It's a common critique of the digital experience that people say and do things they wouldn't necessarily do in a face-to-face encounter. Offline we have a singular physical presence. We're bound by time and place. We have to physically retire from an interaction to remove ourselves from the transaction of the relationship. But online we can fragment our personalities. Coupled with the psychological and physical distance afforded by online interactions and we be disinhibited—even when our names are attached. We see this in social media frequently: People may try to maintain certain contacts within Facebook versus Instagram versus Twitter. And on each network may interact with others differently depending on the platform. And we have seen that even when their names or identities are available, people over share on Facebook, revealing personal details about their lives; people can be moved to provide support online when they might not do so offline; or people can be rude, threatening, and critical under the cloak of anonymity (or perceived anonymity) offered by the web and the distance it offers from the actual event. Disinhibition can be fueled by the immediacy of the interaction—it's easy to get caught up in the heat of the moment and be driven by emotions. A post on social media appears in friends' feeds almost instantly, for example. And given that we are primed to respond in these contexts, you can be assured that someone may Like, comment, or reply, validating your statement through acknowledgment.

In the asynchronous context of email, disinhibition can be challenged depending on the identity engaged. Because we don't have to interact in real time, we can essentially walk away and consider our responses. We don't have to cope with the influx of information in real time or shape a response in real time. And with the addition of time, disinhibition may deteriorate. Have you ever gotten an email that made you angry or upset? Did you take a moment and collect yourself before responding? Walk away—figuratively or literally—and come back to it? One of the primary rules of work email communication is that you should never respond angrily. Instead, you should take a moment to collect yourself and plan your response. This is preferred path because it helps preserve your offline identity, which is definitely linked to your email persona in this context. The same may be true depending on the personal email persona that has been engaged. If there is a clear link to the physical offline body, disinhibition may be more closely governed than if the account has a protective layer of anonymity.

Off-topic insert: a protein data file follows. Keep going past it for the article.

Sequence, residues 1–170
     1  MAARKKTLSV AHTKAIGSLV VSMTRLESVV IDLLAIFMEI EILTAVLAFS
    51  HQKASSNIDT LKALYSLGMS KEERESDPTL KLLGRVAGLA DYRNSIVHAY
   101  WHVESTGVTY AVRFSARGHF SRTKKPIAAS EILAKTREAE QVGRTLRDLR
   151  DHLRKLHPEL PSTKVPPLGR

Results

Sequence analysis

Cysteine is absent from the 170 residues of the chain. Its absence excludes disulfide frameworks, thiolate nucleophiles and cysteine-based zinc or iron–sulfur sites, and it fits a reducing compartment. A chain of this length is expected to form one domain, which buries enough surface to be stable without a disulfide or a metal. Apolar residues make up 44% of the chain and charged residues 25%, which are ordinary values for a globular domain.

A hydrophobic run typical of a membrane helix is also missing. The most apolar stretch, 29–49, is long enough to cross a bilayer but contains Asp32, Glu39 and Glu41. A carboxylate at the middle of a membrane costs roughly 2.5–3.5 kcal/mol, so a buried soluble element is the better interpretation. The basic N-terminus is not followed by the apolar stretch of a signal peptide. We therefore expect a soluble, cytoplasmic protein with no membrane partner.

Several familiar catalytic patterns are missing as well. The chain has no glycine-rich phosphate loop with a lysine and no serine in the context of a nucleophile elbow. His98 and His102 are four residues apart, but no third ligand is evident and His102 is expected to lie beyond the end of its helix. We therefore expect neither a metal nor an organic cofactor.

This realm of asynchronous communication is akin to our living rooms. They're private spaces that others are invited into. You select who enters your inbox, whether that's by opting-in for a newsletter or sharing your email address with a friend or colleague. You choose the content you want to see and prioritize—anything else is spam, and can be marked as such so you don't have to deal with it. So when information starts to appear that you didn't invite, and it's clearly of a personal nature, it's as if someone has barged into your living room uninvited and sat down next to you on the sofa.

In the digital space where immediacy is key, email may be one of the last places where we can exercise control over our interactions. How do you deal with these sorts of intrusions?